sequence

noun
se·​quence | \ ˈsē-kwən(t)s How to pronounce sequence (audio) , -ˌkwen(t)s\

Definition of sequence

 (Entry 1 of 2)

1 : a hymn in irregular meter between the gradual and Gospel in masses for special occasions (such as Easter)
2 : a continuous or connected series: such as
a : an extended series of poems united by a single theme a sonnet sequence
b : three or more playing cards usually of the same suit in consecutive order of rank
c : a succession of repetitions of a melodic phrase or harmonic pattern each in a new position
d : a set of elements ordered so that they can be labeled with the positive integers
e : the exact order of bases in a nucleic acid or of amino acids in a protein
f(1) : a succession of related shots or scenes developing a single subject or phase of a film story
(2) : episode
3a : order of succession
b : an arrangement of the tenses of successive verbs in a sentence designed to express a coherent relationship especially between main and subordinate parts
b : a subsequent development
5 : continuity of progression the narrative sequence

sequence

verb
sequenced; sequencing

Definition of sequence (Entry 2 of 2)

transitive verb

1 : to arrange in a sequence
2 : to determine the sequence of chemical constituents (such as amino-acid residues or nucleic-acid bases) in

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Examples of sequence in a Sentence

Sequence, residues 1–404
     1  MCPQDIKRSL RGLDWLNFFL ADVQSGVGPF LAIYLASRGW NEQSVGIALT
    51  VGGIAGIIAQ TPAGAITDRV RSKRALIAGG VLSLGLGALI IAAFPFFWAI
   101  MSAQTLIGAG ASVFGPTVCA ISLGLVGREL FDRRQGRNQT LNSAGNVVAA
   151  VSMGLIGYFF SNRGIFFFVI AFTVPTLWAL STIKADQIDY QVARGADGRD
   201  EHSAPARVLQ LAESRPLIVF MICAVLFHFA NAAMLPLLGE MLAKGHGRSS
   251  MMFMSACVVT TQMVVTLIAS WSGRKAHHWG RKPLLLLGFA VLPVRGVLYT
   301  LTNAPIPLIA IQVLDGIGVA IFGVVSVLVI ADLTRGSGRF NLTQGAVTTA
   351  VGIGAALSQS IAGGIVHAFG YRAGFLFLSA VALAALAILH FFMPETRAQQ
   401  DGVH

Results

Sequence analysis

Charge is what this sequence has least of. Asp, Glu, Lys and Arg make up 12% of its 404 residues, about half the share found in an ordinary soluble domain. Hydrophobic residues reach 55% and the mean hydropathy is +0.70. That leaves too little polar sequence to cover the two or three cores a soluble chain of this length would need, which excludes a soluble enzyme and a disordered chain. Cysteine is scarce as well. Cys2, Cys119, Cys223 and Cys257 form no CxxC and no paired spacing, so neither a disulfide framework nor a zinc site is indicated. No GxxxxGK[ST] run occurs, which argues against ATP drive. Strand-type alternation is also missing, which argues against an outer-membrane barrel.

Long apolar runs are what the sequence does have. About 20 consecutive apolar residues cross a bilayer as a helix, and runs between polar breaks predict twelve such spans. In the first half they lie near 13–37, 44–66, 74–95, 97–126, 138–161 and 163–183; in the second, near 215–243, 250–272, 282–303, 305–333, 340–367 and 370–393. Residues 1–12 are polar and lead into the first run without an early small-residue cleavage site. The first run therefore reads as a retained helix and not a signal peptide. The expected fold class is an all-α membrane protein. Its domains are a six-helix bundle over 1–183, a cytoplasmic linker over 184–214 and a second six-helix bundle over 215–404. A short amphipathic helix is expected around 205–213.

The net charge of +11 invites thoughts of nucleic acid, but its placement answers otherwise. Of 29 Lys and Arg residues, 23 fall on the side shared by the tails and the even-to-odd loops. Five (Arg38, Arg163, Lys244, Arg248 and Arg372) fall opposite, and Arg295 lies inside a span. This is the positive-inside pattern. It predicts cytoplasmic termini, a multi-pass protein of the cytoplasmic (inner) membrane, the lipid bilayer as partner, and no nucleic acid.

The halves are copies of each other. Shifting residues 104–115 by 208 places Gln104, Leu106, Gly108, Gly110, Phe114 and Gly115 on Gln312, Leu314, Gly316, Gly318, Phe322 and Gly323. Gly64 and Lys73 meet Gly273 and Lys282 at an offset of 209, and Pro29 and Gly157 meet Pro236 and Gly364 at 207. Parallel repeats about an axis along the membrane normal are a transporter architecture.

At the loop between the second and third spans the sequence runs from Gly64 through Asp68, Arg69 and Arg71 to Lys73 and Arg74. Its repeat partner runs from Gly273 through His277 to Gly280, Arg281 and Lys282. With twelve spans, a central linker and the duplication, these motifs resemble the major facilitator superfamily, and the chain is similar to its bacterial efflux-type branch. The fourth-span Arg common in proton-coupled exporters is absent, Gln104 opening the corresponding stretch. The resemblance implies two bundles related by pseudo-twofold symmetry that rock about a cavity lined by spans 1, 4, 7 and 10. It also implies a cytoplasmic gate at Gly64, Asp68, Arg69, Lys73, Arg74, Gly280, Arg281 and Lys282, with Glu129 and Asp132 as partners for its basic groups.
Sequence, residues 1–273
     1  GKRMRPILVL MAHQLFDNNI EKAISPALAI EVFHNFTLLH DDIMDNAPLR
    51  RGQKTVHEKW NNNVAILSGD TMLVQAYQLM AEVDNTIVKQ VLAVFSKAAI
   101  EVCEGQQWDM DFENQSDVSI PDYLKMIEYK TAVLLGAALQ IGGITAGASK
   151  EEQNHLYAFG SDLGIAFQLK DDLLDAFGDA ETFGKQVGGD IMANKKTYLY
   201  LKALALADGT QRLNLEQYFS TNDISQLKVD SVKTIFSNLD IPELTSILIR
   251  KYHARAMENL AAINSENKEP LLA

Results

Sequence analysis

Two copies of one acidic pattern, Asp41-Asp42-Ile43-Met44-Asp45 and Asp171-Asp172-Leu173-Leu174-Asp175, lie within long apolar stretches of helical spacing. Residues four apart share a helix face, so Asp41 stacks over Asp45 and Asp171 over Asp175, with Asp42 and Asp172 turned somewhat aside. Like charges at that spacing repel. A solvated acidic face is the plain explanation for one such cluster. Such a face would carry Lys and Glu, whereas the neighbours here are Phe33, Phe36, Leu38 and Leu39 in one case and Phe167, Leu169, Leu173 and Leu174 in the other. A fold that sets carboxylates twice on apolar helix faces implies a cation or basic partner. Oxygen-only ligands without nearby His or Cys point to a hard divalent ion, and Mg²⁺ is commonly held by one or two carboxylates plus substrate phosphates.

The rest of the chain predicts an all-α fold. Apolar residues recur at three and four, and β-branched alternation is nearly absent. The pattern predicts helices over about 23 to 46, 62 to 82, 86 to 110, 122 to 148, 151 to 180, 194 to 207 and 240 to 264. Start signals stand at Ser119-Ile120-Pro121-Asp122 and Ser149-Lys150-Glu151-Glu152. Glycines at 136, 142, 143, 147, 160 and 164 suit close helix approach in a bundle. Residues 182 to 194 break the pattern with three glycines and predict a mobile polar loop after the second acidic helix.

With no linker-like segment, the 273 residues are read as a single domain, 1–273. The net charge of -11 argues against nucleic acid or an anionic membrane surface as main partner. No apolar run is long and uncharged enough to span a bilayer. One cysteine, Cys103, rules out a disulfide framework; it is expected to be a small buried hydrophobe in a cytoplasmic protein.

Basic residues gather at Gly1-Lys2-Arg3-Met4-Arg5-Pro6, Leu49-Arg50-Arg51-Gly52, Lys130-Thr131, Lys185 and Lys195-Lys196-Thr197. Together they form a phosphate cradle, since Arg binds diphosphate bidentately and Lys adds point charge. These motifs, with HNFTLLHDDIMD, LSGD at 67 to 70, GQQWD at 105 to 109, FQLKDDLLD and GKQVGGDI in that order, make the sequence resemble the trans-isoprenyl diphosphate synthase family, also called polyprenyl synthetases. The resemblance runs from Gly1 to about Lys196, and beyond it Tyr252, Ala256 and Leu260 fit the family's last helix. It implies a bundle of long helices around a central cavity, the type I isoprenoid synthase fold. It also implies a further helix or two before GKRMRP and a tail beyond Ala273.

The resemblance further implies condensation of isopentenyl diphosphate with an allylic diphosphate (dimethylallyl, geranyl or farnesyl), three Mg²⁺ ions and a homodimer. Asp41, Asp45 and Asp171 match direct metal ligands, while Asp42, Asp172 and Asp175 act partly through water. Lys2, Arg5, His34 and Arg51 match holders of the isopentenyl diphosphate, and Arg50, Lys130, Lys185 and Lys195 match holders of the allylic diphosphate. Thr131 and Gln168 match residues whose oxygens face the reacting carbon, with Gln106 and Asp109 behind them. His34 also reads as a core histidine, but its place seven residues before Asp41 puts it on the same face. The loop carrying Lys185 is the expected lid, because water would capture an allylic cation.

Noun

He listened to the telephone messages in sequence. a chase sequence in a spy movie I enjoyed the movie's opening sequence.
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Recent Examples on the Web: Noun

There’s that iconic credits sequence, with the now-middle-aged original cast posing against a stark white background as the unmistakable instrumental theme plays. Judy Berman, Time, "The 90210 Revival Is Weird as Hell—But At Least It's Not Boring," 6 Aug. 2019 Moving from senior year of high school to freshman year of college appears to be the next logical part of that sequence. Ramesh Ponnuru, National Review, "What Is the Purpose of High School?," 25 July 2019 That entire sequence was just *chef’s kiss*. Especially the morning after shower/puke scene. Sydney Bucksbaum, EW.com, "Hulu's Veronica Mars revival binge recap for every episode," 19 July 2019 That sequence flows from highest-energy colors to lowest-energy colors. Quanta Magazine, "Galactic Beacons Get Snuffed Out in a Cosmic Eyeblink," 21 Nov. 2018 For Nagy, the play-caller, that sequence unlocked because the Bears stacked first-down gains of 10 yards or more. Rich Campbell, chicagotribune.com, "5 observations from rewatching the Bears’ Week 2 win over the Broncos, including an offense that’s stuck and a defense that prevented huge chunk plays," 17 Sep. 2019 Coghlin was successful on the first attempt on that sequence, from 42 yards, but it was nullified because the Spartans had 12 men on the field. Chase Michaelson, Detroit Free Press, "Michigan State football kicker Matt Coghlin, usually 'automatic,' misses 3," 15 Sep. 2019 The Cas12a enzyme can be programmed to recognize a specific DNA sequence. Ewen Callaway, Scientific American, "Gene Editing Transforms Gel into Shape-Shifting Smart Material," 23 Aug. 2019 One study looking at DNA sequences suggested that the loss occurred about 2-3 million years ago. San Diego Union-Tribune, "Heart disease is the price of becoming human, UCSD study finds," 22 July 2019

Recent Examples on the Web: Verb